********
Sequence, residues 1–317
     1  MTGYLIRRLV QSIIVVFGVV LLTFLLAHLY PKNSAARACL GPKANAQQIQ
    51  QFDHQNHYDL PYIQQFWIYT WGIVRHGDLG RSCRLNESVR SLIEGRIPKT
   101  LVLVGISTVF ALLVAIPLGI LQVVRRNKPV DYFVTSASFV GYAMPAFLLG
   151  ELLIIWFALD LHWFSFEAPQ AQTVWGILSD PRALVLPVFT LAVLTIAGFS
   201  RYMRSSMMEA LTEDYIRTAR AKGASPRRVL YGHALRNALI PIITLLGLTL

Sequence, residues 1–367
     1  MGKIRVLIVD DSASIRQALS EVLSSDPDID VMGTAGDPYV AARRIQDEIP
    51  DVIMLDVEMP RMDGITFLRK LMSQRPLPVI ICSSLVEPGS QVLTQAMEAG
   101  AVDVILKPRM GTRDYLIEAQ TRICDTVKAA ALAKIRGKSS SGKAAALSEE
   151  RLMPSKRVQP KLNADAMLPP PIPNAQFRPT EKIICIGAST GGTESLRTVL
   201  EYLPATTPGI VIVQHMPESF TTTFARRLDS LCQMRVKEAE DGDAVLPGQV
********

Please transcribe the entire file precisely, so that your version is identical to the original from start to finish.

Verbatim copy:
Sequence, residues 1–317
     1  MTGYLIRRLV QSIIVVFGVV LLTFLLAHLY PKNSAARACL GPKANAQQIQ
    51  QFDHQNHYDL PYIQQFWIYT WGIVRHGDLG RSCRLNESVR SLIEGRIPKT
   101  LVLVGISTVF ALLVAIPLGI LQVVRRNKPV DYFVTSASFV GYAMPAFLLG
   151  ELLIIWFALD LHWFSFEAPQ AQTVWGILSD PRALVLPVFT LAVLTIAGFS
   201  RYMRSSMMEA LTEDYIRTAR AKGASPRRVL YGHALRNALI PIITLLGLTL

Sequence, residues 1–367
     1  MGKIRVLIVD DSASIRQALS EVLSSDPDID VMGTAGDPYV AARRIQDEIP
    51  DVIMLDVEMP RMDGITFLRK LMSQRPLPVI ICSSLVEPGS QVLTQAMEAG
   101  AVDVILKPRM GTRDYLIEAQ TRICDTVKAA ALAKIRGKSS SGKAAALSEE
   151  RLMPSKRVQP KLNADAMLPP PIPNAQFRPT EKIICIGAST GGTESLRTVL
   201  EYLPATTPGI VIVQHMPESF TTTFARRLDS LCQMRVKEAE DGDAVLPGQV